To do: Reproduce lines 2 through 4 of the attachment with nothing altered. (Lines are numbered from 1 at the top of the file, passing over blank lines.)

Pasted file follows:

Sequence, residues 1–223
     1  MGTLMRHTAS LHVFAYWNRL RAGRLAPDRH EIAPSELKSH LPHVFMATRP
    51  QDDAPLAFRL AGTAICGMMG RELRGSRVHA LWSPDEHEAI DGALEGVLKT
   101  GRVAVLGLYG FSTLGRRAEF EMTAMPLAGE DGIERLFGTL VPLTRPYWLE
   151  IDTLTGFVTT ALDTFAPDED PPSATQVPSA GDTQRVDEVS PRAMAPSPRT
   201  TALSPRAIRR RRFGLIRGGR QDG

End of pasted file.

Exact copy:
     1  MGTLMRHTAS LHVFAYWNRL RAGRLAPDRH EIAPSELKSH LPHVFMATRP
    51  QDDAPLAFRL AGTAICGMMG RELRGSRVHA LWSPDEHEAI DGALEGVLKT
   101  GRVAVLGLYG FSTLGRRAEF EMTAMPLAGE DGIERLFGTL VPLTRPYWLE